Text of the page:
The DPRD and the Jakarta government deny that the regulation violates people’s right to seek gainful employment. The prohibitions are simply for street peddlers who sell at intersections and the like. “Because it disrupts traffic and causes congestion,” said Marullah. On the prohibition against busking, he also has his reasons. “What we are prohibiting is not charity, but the location. If people want to be charitable, please channel it to a foundation,” he said.

Although ratified last week, it does not mean that the bylaw will be applied immediately. “Socialization is still needed,” said Jakarta Governor Sutiyoso. According to Journal, the socialization process will be carried out over a period of three to six months. Marullah said that dissemination should be over a period of one year at most. “We hope that it can be applied next year,” he said.

The backbone of the legal enforcement of the bylaw, aside from the police, will also be the Civil Service Police, who now number around 6,400 personnel. Journal conceded that this is too few to cover Jakarta with a population of 12 million. For Marullah, what is also extremely important is that a firm attitude is taken by law enforcement officials. “So that it does not suffer the same fate as the previous bylaw,” said the United Development Party (PPP) faction member.

Abdul Manan, Rudi Prasetyo, M. Iqbal, Wens Manggut

Newly Prohibited


* Walking not using the sidewalk
* Crossing the road without using a pedestrian overpass or zebra crossing
* Public transport passengers boarding or alighting other from a bus stop
* Littering, smoking and spitting in public transport
* Directing traffic at intersection in order to obtain remuneration
* Parking vehicles outside of designated areas
* Trading on footpaths, bus stops and pedestrian overpasses
* Purchasing trade goods from street traders
* Working as a ticket scalper
* Using ticket scalping services
* Working as a beggar, busker, street peddler, or car wiper
* Giving money to beggars, buskers, and car wiper
* Failure to display a halal (permitted under Islam) label by those conducting business
* Offering ones services as a jockey (to circumvent the 3-in-1 policy)
* Transporting dusty or foul goods in an open vehicle
* Drawing graffiti, painting or placing advertising on walls or the sides of bridges, bus stops, electricity poles, trees, public vehicles and other public facilities
* Disposing of or piling up rubbish on roads, green strips or rivers
* Defecating on roads, green strips, parks, rivers and drains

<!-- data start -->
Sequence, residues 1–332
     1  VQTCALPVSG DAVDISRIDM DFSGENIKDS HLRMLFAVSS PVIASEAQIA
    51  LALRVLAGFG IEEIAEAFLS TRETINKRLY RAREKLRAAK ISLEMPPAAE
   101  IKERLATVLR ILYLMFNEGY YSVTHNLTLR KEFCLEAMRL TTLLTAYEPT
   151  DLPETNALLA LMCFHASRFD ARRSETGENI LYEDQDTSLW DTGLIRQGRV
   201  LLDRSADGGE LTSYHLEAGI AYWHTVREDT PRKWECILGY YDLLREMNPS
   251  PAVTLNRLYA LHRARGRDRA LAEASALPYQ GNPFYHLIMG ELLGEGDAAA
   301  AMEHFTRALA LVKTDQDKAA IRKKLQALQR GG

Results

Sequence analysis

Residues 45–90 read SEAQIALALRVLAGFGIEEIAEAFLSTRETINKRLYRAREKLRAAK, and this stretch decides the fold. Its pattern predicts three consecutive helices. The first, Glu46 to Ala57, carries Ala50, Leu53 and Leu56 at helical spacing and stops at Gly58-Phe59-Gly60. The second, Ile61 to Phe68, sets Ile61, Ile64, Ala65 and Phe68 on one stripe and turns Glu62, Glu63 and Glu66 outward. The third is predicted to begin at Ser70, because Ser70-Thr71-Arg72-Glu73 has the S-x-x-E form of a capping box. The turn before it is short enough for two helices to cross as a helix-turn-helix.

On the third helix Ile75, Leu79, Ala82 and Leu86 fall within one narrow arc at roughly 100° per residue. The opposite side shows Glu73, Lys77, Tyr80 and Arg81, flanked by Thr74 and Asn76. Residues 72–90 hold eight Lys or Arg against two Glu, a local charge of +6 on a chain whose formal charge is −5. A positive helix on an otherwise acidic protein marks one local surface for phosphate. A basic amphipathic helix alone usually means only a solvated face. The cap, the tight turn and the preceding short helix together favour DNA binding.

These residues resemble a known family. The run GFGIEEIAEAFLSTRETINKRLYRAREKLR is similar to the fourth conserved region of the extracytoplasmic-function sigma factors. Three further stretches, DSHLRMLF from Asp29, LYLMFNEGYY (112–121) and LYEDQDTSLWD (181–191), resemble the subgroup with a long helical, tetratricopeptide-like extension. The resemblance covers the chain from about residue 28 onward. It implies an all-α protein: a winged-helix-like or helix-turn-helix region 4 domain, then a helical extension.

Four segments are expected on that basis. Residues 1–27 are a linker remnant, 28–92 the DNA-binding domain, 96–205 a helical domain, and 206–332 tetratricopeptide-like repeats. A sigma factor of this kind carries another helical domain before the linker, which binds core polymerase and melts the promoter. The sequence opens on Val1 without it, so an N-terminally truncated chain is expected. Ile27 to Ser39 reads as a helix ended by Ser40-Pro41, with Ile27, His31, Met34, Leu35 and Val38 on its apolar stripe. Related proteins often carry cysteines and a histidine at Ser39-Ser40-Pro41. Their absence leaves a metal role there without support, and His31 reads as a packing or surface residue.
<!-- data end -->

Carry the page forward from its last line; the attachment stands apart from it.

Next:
* Using motorized or non-motorized vehicles services that are not classified as public transport
* Asking for assistance or donations on the street, in markets, public vehicles, residential areas, hospitals, schools and offices
* Visiting a premises for more than 24 hours without reporting to the neighborhood association head


* Putting up signs, symbols, flags, posters or banners in public places such as on electricity poles, roads, pedestrian overpasses and not cleaning them up after they are no longer current
* Drivers shall not wait for, pick up or drop off passengers or goods/services in designated locations
* Using a jockey when entering a 3-in-1 zone
* Unauthorized collection of money on public transport
* Collecting parking fees in the street or public places without a permit from the governor
* Organizing parking facilities without a permit from the governor
* Living on green strips, parks and in public places
* Utilizing river and lake water for business activities without a permit
* Working as a ticket scalper for entertainment, public vehicles or other activities
* Employing a motorized/non-motorized vehicle as public transport that are not part of the public transport system
* Instructing a person to become a beggar, busker, street peddler or car wiper
* Working as a provider of and using commercial sex services
* Conducting traditional medical practices, mysticism
* Establishing a building on an area where there is a road, river, park or green strip except for official purposes


* Vehicles with two wheels or more that enter the busway lane
* Utilizing open space under a bridge or overpass
* Damaging fences, green strips and felling trees and plants on the street or a green strip
* Constructing a habitat on the side of and under an overpass, under a toll bridge, on a green strip, park and public place
* Providing and or using a building as a place for immoral activities

Tempo Magazine, No. 03/VIII/September 18-24, 2007